Wildfires are not just in Turkey. How big is this issue?

Muhammed: “In 2023, Europe experienced one of the worst wildfire seasons of the century, with significant environmental and economic impacts. Over 504,000 hectares of land were burned, equivalent to twice the size of Luxembourg. The wildfires also had a severe impact on protected areas, with 43% of the burned land affecting preserved sites with Europe's most valuable species and habitats.”

Muhammed: “We started working with a paper facility, and they were able to save 1400 tons of wastepaper from burning. They store their wastepaper in open air storage facilities and there isn't any sensor that detects the fire in this open air scenario. Our sensors were able to find out about the fire four hours before the visible smoke. They have thermal cameras, but we were able to warn them even before the thermal cameras detected anything. This has prevented a loss of an estimated €6 million of facility damage. And for the forest and environmental part, we were able to save about 200 hectares from burning.”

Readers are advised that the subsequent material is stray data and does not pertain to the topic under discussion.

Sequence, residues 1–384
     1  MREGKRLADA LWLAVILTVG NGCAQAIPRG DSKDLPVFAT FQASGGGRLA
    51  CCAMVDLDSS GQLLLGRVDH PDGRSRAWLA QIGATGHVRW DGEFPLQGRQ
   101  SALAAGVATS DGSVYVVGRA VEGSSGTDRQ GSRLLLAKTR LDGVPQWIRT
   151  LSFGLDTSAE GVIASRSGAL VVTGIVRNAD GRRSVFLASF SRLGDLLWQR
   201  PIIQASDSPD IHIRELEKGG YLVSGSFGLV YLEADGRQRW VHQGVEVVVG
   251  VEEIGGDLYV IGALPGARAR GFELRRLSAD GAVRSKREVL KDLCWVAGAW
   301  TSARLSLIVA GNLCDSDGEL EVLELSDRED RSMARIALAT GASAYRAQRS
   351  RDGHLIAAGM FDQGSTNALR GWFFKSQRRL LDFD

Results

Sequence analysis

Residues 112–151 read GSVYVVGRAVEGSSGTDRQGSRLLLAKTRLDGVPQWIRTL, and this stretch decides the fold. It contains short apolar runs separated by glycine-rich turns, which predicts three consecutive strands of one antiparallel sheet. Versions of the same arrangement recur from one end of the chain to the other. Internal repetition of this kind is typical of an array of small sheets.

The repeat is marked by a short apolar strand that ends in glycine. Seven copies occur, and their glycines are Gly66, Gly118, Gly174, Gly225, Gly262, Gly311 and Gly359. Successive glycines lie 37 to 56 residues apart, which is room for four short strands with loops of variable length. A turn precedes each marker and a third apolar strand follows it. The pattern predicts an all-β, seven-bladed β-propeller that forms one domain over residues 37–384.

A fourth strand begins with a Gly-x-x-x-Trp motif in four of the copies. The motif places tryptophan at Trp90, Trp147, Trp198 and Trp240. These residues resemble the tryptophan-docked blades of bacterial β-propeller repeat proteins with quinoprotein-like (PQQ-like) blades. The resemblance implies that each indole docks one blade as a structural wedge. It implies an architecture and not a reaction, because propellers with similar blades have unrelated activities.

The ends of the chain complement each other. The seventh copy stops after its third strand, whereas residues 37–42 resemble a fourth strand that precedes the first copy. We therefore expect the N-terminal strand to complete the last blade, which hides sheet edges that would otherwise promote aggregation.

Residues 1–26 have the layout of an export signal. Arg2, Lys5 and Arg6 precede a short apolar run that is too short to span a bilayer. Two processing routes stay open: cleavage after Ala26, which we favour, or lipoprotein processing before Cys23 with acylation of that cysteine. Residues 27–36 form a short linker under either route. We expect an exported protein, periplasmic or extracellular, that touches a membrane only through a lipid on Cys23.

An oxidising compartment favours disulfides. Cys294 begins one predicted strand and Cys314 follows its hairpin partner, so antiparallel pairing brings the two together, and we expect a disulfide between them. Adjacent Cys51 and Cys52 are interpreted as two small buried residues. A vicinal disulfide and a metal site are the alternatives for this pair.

forestguard what design can do x secrid

You designed a communication device that can be attached to a tree. Tell us more.

Batuhan: “We designed a small solar paneled box with integrated satellite communication and sensors in it. It detects smoke and other flammable fumes. You strap the device on a tree, a pole, a surface, whatever you have, and it works. In a large area, you attach a device in every 16 hectares at a height of three meters. In high-risk areas you place one at every hectare. The devices communicate with each other.